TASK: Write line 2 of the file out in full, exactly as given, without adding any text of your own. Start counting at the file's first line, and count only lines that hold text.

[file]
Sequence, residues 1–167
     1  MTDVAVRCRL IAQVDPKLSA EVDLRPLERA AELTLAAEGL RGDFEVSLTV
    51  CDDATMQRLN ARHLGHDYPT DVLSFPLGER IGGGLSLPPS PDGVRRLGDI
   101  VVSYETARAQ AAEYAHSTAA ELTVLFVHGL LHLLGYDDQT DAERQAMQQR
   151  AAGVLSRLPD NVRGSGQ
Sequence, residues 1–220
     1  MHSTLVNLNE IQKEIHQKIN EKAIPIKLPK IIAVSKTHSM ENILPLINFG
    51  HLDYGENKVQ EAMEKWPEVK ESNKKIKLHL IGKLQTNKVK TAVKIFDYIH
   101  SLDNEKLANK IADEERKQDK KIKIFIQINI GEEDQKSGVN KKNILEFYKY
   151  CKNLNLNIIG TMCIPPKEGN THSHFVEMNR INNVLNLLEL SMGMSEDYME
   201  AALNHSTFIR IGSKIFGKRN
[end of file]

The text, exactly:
     1  MTDVAVRCRL IAQVDPKLSA EVDLRPLERA AELTLAAEGL RGDFEVSLTV